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First Whole Genome Sequencing of Entire Family

Collaborating institutions, including the Institute for Systems Biology (ISB), Complete Genomics, the University of Washington, and the University of Utah, have sequenced and analyzed the first whole genomes of a human family of four. The authors said that the benefits of sequencing an entire family include lowering DNA sequencing error rates, identifying rare genetic variants, and identifying disease-linked genes. "We were very pleased and a little surprised at how much additional information can come from examining the full genomes of the same family," said Dr. David Galas, co-corresponding author on the article and senior vice president at ISB. "Comparing the sequences of unrelated individuals is useful, but for a family the results are more accurate. We can now see all the genetic variations, including rare ones, and can construct the inheritance of every piece of the chromosomes, which is critical to understanding the traits important to health and disease. The continuing decline in the difficulty and cost of sequencing now enables us to use these new strategies for deriving genetic information that was too difficult or expensive to access in the past.” A particular family of four with two children with extremely rare genetic diseases turned out to be ideal for the study. Although the parents had no genetic abnormalities, they each carried recessive genes that resulted in their son and daughter being born with two extremely rare conditions--Miller's syndrome and primary ciliary dyskinesia (PCD). Miller's syndrome, a disorder characterized by facial and limb malformations, is thought to occur in perhaps one in one million people and has been diagnosed in only two families in the world, along with a few sporadic other cases. PCD is a condition in which the tiny hair-like structures that are supposed to move mucus out of airways in the lungs do not function. The chances of having PCD are estimated at one in 10,000. The odds of someone having both PCD and Miller's syndrome are less than one in 10 billion, according to co-author Dr. Lynn Jorde professor and chair of the Department of Human Genetics at the University of Utah School of Medicine.

By comparing the variants in the children's DNA sequences with the Human Genome Project database and other public databases, the researchers identified four candidate genes consistent with recessive inheritance of rare variations.

One of the candidate genes (DHODH) had recently been identified by others as the causative gene for Miller’s syndrome in an exome sequencing study (Nature Genetics, January 2010). Variations in a second candidate gene (DNAH5) had previously been shown to cause PCD.

In addition to the candidate gene discoveries, "an important finding is that, by determining the genome sequences of an entire family, one can identify many DNA sequencing errors, and thus greatly increase the accuracy of the data," said Dr. Leroy Hood, the paper's other corresponding author, and co-founder and president of ISB. "This will ultimately help us understand the role of genetic variations in the diagnosis, treatment, and prevention of disease."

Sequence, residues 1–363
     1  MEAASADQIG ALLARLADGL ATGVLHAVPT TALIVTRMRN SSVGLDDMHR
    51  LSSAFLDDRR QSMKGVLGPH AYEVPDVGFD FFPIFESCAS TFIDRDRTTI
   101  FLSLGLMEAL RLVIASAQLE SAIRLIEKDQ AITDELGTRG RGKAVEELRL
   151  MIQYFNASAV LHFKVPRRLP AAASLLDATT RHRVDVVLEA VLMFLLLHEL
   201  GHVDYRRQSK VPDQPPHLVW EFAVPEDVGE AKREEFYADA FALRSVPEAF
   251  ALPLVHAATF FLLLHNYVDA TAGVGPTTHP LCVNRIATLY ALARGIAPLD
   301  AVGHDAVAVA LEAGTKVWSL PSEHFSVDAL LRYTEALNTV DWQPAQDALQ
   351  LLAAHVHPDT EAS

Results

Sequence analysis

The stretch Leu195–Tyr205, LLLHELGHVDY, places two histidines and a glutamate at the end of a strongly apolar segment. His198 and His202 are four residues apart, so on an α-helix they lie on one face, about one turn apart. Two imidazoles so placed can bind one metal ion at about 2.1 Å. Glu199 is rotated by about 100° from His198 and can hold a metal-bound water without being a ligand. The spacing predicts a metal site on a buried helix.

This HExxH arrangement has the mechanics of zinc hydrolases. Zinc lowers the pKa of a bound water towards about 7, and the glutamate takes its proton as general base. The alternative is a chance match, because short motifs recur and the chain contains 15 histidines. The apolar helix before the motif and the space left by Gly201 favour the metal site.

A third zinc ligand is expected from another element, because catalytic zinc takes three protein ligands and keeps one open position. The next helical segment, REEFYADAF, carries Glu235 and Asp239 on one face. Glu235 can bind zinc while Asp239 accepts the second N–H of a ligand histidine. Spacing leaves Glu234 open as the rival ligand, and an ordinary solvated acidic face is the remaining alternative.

Another exciting finding from this study is how much the genome changes from one human generation to the next--the so-called “intergenerational mutation rate.” The researchers found that gene mutations from parent to child occurred at half the most widely estimated rate.

"Comparing the family's sequences to the Human Genome Project allowed us to screen out potential errors in the DNA sequencing process," Dr. Jorde said. "To estimate the mutation rate, we compared the parents' sequences with those of their children. Differences in the sequences that were not caused by sequencing errors were caused by mutations.” By comparing the parents' DNA sequences to those of their children, the researchers estimated with a high degree of certainty that each parent passes 30 mutations—for a total of 60—to their offspring.

Scientists had long estimated that each parent passes 75 gene mutations to their children."That's the kind of power you get from looking at the whole genome," said Dr. Jorde,. "The mutation rate was less than half of what we'd thought."

"This estimate could have implications for how we think about genetic diversity, but more importantly the approach has the potential to increase enormously the power and impact of genetic research," said Dr. Galas. "Our study illustrates the beginning of a new era in which the analysis of a family's genome can aid in the diagnosis and treatment of individual family members. We could soon find that our family's genome sequence will become a normal part of our medical records.”

The study opens the door for numerous other investigations in the future. Dr. Jorde expects researchers will use family sequence analysis to begin narrowing down the genetic causes of more common diseases. And, as the cost of genome sequencing continues to drop—the Human Genome Project cost approximately $3 billion, and now individuals can have their genome sequenced for $5,000 to $10,000—it will become an important part of individual medical records, the authors believe.

“Our results demonstrate the unique value of complete genome sequencing in families,” the researchers said. “We would predict that the information derived from family genomes, along with relevant environmental and medical information, will constitute the medical records of the future."

This whole genome family sequencing study was reported online on March 10, 2010 in Science Express. [Press release 1] [Press release 2] [Press release 3] [Press release 4] [Nature Genetics abstract] [Science Express abstract]